I am trying to do reverse-polarity protection on a 24V PCB. I read up on the PMOSFET method and I thought I had understood it, implemented it as follows:


If I connect the power supply correctly, the board works fine (so the circuit allows power through). But if I connect the power supply with the wrong polarity, it doesn't appear to protect it (luckily it's just passives after that component, but they become quite hot and obviously that shouldn't happen if they are being protected).

Any suggestions? I am confused.


3 Answers 3


AO3400A is an N-channel MOSFET.

  • \$\begingroup\$ BTW, AO3401 is probably what you wanted. \$\endgroup\$ Jul 13 at 3:34

You need a p-channel MOSFET; drain -> input; gate -> Zeners & resistor; source -> circuit.

When a + supply is applied, the FET's parasitic diode initially conducts from drain to source, and the circuit powers up (losing ~ 0.7 V). The resistors pull the gate voltage low, thus turning on the FET -- making it act as just a low value resistor. Everything is 'normal'.

With a - supply applied, the drain of the FET will pull negative (to the - supply voltage), at the gate and source will remain at about 0 V ==> The FET will be off and will protect the circuit.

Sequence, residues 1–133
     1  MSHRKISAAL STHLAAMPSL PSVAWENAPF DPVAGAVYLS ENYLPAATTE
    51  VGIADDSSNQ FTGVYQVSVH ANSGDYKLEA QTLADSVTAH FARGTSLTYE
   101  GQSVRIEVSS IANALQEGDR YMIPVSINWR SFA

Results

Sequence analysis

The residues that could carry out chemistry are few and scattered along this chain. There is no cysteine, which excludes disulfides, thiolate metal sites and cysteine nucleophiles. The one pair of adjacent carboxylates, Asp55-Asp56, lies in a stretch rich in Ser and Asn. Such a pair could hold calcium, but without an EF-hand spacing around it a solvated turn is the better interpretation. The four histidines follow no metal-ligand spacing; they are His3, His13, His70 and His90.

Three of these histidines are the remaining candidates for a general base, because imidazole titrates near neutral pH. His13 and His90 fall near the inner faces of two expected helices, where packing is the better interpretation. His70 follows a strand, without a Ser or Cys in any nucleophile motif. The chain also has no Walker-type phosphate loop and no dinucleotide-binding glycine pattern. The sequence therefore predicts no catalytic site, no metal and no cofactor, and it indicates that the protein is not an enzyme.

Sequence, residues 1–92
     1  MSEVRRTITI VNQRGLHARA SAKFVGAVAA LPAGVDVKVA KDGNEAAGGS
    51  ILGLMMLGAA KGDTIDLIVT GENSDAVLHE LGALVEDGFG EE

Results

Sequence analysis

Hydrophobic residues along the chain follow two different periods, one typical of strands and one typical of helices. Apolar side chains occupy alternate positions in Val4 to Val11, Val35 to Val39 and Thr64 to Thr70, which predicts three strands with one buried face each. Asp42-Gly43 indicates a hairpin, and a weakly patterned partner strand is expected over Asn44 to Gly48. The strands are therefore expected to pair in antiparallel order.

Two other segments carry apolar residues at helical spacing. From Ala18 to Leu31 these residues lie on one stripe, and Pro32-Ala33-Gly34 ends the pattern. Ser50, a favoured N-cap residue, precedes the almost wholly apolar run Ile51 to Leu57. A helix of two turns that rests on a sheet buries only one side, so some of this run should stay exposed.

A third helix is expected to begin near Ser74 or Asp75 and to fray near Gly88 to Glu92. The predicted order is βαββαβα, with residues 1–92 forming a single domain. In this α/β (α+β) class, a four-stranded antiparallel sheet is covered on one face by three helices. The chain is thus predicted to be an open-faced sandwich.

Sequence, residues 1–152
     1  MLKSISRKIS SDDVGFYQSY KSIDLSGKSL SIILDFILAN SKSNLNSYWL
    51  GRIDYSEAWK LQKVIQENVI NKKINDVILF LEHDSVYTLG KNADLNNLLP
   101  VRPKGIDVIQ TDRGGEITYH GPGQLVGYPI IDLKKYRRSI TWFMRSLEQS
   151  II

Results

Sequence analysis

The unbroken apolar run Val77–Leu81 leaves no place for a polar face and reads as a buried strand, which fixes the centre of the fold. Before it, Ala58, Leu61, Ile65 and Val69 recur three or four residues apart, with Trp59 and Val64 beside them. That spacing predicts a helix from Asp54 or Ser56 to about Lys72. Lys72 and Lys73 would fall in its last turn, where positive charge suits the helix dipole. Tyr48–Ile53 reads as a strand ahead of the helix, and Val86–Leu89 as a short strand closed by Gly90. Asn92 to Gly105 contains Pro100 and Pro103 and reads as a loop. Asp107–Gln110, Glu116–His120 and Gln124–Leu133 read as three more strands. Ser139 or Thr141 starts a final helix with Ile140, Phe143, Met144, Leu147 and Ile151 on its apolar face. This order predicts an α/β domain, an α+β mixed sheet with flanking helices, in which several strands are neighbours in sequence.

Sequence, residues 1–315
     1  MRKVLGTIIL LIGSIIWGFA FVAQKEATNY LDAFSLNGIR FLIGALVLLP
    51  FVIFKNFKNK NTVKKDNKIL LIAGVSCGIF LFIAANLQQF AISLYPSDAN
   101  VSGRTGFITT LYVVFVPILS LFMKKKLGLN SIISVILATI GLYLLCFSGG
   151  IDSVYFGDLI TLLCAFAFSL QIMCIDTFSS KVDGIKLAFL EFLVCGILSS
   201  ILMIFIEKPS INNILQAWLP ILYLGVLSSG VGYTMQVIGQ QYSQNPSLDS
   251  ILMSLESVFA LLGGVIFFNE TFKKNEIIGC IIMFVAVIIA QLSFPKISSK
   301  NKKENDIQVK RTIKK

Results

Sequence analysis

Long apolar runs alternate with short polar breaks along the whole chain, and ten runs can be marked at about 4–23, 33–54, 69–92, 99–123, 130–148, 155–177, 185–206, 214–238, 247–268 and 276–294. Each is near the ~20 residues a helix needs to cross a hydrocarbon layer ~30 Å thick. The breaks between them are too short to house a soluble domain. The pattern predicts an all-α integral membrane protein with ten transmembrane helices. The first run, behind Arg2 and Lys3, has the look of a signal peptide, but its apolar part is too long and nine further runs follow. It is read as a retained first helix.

Note that if your circuit likely has an input capacitor that could remain charged between application of a + supply followed by a - supply --> you'd need a FET with ~ 2x VIN breakdown capability.


In your circuit, the MOSFET is connected backwards. The circuit works when power is applied correctly because the FET's internal body diode is conducting, bypassing the FETs channel.

In a high-side reverse-polarity circuit, the source is connected to the input and the drain is connected to the output.

As in your circuit, the gate overvoltage protection zener diode(s) connect between the gate and source.

But wait, there's more . . .

When a reverse-voltage is applied, the body diode can forward conduct. So the FET will behave correctly with a correct input, and conduct incorrectly with a reversed input.

The solution is two p-channel FETs in series, with the two sources tied together in the center. You get the high efficiency of "saturated" FETs, and the off-isolation of two back-to-back diodes when the input is reversed. Linear Technology has a line of power protection ICs that use this configuration. For example:


  • \$\begingroup\$ Why the down-vote? \$\endgroup\$
    – AnalogKid
    Jul 12 at 16:19
  • \$\begingroup\$ AnalogKid - Hi, Re: "Why the down-vote?" My guess (unless the downvoter replies) could be: (a) You didn't mention the OP has used an N-channel MOSFET. (b) Two P-channel MOSFETs aren't necessary for reverse polarity protection. The two MOSFETs driven by an LTC4364 serve different purposes - the one driven by HGATE is for surge suppression; it's just the one driven by DGATE which is for reverse-polarity protection. (c) Also see explanation of single P-channel MOSFET use by Infineon here. \$\endgroup\$
    – SamGibson
    Jul 12 at 18:50

Your Answer

By clicking “Post Your Answer”, you agree to our terms of service and acknowledge that you have read and understand our privacy policy and code of conduct.

Not the answer you're looking for? Browse other questions tagged or ask your own question.